Listen free for 30 days
Add to basket failed.
Add to wishlist failed.
Remove from wishlist failed.
Follow podcast failed
Unfollow podcast failed
Listen with a free trial
Buy Now for £19.29
An eloquent call to draw on the lessons of the past to address current threats to international order
The ancient Greeks hard-wired a tragic sensibility into their culture. By looking disaster squarely in the face, by understanding just how badly things could spiral out of control, they sought to create a communal sense of responsibility and courage - to spur citizens and their leaders to take the difficult actions necessary to avert such a fate. Today, after more than 70 years of great-power peace and a quarter-century of unrivaled global leadership, Americans have lost their sense of tragedy. They have forgotten that the descent into violence and war has been all too common throughout human history. This amnesia has become most pronounced just as Americans and the global order they created are coming under graver threat than at any time in decades.
In a forceful argument that brims with historical sensibility and policy insights, two distinguished historians argue that a tragic sensibility is necessary if America and its allies are to address the dangers that menace the international order today. Tragedy may be commonplace, Brands and Edel argue, but it is not inevitable - so long as we regain an appreciation of the world's tragic nature before it is too late.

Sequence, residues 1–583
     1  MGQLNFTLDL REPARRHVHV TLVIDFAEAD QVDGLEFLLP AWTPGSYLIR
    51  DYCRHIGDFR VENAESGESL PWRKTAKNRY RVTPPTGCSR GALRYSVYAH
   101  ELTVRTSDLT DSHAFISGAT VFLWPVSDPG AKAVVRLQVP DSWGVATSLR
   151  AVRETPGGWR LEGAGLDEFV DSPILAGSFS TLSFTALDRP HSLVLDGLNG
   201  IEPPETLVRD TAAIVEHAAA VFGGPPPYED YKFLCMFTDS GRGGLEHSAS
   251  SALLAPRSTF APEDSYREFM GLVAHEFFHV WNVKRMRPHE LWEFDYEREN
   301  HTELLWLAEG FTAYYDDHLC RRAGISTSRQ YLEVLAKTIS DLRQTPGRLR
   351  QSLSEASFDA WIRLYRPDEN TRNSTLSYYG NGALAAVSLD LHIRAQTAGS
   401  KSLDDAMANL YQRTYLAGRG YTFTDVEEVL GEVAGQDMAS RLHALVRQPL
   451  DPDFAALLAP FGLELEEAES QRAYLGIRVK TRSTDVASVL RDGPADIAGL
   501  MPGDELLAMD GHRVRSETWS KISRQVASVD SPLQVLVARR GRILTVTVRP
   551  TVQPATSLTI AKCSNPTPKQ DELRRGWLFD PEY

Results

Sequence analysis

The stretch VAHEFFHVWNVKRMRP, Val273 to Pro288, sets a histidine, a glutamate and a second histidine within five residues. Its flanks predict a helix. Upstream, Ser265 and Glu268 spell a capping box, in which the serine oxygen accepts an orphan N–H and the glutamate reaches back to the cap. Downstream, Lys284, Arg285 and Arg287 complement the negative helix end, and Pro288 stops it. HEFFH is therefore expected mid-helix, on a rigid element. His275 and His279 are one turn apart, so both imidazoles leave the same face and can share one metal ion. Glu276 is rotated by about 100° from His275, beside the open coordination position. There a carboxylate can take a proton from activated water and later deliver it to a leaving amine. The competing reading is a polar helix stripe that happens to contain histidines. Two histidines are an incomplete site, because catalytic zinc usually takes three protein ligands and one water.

Cover image obtained from Ancient Sculpture Gallery (www.ancientsculpturegallery.com)
What listeners say about The Lessons of TragedyAverage customer ratings
Reviews - Please select the tabs below to change the source of reviews.
- Jeffrey D
The authors should read Oedipus Rex and Aristotle
The authors remind us that the world is a dangerous place. So far, so good. But I would not recommend listening to this book. The authors' grasp of Greek tragedy is tenuous and tendentious. I was surprised that a professor of international relations or the like at a well-regarded university would write a book about global strategy as a melodrama. It also seemed very backward-looking, at a time of great technological, economic, and environmental change.